Employment discrimination on the basis or race or national origin still happens more often than anyone wants to believe -- and it's against the law. It exacts a very high price, both from its victims and from the companies where it occurs. Recent lawsuits prove the point: Large companies have paid millions of dollars to compensate victims of race and national origin discrimination and to pay for their own complicity in encouraging or allowing a discriminatory atmosphere in the workplace.
An employer commits racial discrimination when it makes job decisions on the basis of race, or when it adopts neutral job policies that disproportionately affect members of a particular race.
Federal and state laws forbid race discrimination in every aspect of the employment relationship, including hiring, firing, promotions, compensation, job training, or any other term or condition of employment. For example, an employer discriminates when it refuses to hire Latinos, promotes only white employees to supervisory positions, requires only African-American job applicants to take a drug test, or refuses to allow Asian-American employees to deal with customers. An employer that discriminates on the basis of physical characteristics associated with a particular race -- such as hair texture or color, skin color, or facial features -- also commits race discrimination.
Even employment policies or criteria that seem neutral may be discriminatory if they have a disproportionate impact on members of a particular race. For example, a height requirement may screen out disproportionate numbers of Asian-American and Latino job applicants. Or an employment policy requiring men to be clean-shaven may discriminate against African-American men, who are more likely to suffer from Pseudofolliculitis barbae (a painful skin condition caused and exacerbated by shaving).
Rules or policies that have a disproportionate impact on people of a certain race will pass legal muster only if you can show that there is a legitimate and important work reason for the policy. For example, a height requirement might be legitimate if you can show that an employee must be at least a certain height to operate a particular type of machinery.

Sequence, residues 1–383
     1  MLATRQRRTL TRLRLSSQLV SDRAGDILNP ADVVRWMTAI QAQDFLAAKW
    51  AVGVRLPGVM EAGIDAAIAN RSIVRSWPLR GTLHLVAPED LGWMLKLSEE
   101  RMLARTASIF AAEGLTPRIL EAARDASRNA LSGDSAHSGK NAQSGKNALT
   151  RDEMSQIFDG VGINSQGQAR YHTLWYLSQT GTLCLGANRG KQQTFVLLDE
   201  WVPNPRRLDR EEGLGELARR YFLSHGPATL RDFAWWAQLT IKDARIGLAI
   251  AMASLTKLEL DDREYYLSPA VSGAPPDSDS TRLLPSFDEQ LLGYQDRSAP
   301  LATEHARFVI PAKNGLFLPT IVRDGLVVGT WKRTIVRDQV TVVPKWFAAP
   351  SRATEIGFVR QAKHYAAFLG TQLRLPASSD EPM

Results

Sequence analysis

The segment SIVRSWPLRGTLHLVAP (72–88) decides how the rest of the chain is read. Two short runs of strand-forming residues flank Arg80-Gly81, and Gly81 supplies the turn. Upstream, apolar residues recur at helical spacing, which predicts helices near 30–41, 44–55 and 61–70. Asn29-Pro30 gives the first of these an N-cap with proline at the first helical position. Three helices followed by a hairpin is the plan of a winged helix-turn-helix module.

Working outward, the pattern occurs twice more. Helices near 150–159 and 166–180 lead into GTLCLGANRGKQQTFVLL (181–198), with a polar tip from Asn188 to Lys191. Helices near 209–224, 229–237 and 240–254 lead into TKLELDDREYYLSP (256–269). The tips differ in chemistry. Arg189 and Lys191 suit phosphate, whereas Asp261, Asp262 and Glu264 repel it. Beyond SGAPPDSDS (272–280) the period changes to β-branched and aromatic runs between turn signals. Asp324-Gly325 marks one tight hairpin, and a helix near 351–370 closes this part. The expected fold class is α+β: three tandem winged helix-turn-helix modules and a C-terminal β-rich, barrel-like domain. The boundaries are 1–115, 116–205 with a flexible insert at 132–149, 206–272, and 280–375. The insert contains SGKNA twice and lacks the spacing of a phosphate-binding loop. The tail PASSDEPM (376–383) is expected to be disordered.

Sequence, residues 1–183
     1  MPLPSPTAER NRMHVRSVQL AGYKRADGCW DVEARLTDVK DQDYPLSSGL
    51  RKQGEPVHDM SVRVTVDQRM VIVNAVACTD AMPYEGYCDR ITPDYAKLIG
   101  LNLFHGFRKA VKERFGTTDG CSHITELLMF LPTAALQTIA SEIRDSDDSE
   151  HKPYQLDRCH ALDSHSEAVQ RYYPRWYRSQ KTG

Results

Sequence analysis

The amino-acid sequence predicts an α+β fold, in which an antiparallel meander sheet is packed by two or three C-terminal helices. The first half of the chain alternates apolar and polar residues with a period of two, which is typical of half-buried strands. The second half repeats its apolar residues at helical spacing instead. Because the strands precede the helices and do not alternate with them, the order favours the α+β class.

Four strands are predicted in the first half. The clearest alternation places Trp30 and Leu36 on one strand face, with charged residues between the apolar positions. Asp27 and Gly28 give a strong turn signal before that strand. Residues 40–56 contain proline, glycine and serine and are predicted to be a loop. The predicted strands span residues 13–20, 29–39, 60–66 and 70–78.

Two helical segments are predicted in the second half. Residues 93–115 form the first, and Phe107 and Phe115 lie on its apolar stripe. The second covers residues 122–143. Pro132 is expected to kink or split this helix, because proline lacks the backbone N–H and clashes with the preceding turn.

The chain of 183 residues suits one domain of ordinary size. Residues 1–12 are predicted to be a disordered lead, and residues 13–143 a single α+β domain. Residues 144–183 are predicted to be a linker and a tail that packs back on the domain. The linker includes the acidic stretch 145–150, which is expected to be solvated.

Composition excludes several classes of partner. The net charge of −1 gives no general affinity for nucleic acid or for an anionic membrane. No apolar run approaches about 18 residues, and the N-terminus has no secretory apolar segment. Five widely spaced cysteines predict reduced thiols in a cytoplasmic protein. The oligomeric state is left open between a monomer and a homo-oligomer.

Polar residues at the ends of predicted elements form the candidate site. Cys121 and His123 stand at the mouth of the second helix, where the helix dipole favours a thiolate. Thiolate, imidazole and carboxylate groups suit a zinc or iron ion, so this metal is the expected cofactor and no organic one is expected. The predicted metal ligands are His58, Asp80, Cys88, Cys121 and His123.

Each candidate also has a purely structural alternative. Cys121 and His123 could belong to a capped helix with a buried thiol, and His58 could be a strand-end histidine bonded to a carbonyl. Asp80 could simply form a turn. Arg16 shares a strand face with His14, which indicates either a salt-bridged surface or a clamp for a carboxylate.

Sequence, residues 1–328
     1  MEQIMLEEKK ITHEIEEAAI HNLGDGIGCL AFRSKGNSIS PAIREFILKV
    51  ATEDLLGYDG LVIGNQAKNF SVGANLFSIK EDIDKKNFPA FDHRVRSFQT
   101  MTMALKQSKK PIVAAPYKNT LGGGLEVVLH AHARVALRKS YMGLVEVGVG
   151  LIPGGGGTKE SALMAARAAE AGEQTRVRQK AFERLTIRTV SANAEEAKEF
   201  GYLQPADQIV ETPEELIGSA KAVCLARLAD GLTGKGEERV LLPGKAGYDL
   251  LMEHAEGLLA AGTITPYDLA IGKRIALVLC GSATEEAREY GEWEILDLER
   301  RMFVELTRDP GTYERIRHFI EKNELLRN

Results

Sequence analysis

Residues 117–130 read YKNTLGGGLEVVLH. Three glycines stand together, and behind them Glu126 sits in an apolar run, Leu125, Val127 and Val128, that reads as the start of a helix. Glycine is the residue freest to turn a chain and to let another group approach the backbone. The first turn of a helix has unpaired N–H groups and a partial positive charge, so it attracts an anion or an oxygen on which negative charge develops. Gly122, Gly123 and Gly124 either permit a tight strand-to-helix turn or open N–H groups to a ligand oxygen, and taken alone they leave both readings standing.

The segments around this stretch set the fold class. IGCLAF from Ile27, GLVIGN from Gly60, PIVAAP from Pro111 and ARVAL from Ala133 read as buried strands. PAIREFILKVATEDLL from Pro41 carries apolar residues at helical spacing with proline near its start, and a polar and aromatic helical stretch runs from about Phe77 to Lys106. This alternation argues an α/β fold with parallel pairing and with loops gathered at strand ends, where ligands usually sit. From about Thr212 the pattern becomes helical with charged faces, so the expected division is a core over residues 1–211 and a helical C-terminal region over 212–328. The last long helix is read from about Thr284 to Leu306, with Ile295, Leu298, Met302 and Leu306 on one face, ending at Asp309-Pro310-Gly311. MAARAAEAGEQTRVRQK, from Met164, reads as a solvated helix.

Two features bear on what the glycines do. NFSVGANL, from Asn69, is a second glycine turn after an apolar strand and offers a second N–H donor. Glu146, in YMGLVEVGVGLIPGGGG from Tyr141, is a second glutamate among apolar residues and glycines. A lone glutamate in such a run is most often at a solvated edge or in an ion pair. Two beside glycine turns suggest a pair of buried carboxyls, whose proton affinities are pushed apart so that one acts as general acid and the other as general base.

An employer discriminates on the basis of national origin when it makes employment decisions based on a person's ancestry, birthplace, or culture, or on linguistic characteristics or surnames associated with a particular ethnic group. For example, an employer who refuses to hire anyone with a Hispanic last name discriminates, as does an employer who won't allow anyone with an accent to work with the public.
An employer may be able to prohibit on-duty employees from speaking any language other than English if it can show that the rule is necessary for business reasons. If you impose an English-only rule, you must tell employees when they have to speak English (for example, whenever customers are present) and the consequences of breaking the rule. And, if an employee challenges your English-only rule, you will have to defend its scope: a rule that forbids workers from ever speaking another language, even during breaks or when a customer who speaks that language is present, is probably too broad.
Because an employee's accent is often associated with his or her national origin, employers must tread carefully when making employment decisions based on accent. An employer may decide not to hire or promote an employee to a position that requires clear oral communication in English if the employee's accent substantially affects his or her ability to communicate clearly. However, if the employee's accent does not impair his or her ability to be understood, you may not make job decisions on that basis -- for example, you cannot simply adopt a blanket rule that employees who speak accented English may not work in customer service positions.
Harassment on the basis of race and national origin is also prohibited. Harassment is any conduct based on a person's race or national origin that creates an intimidating, hostile, or offensive work environment or interferes with the person's work performance. Harassing conduct might include racial slurs, jokes about a particular ethnic group, comments or questions about a person's cultural habits, or physical acts of particular significance to a certain racial or ethnic group -- for example, hanging a noose in an African-American employee's locker.
In recent years, companies have been hit with huge verdicts -- or have agreed to pay massive settlements -- to employees who have been discriminated against or harassed on the basis of race or national origin. For example:
For detailed information on race and national origin discrimination -- and strategies on preventing these problems at your company -- pick up a copy of The Essential Guide to Handling Workplace Harassment and Discrimination, by Deborah C. England (Nolo).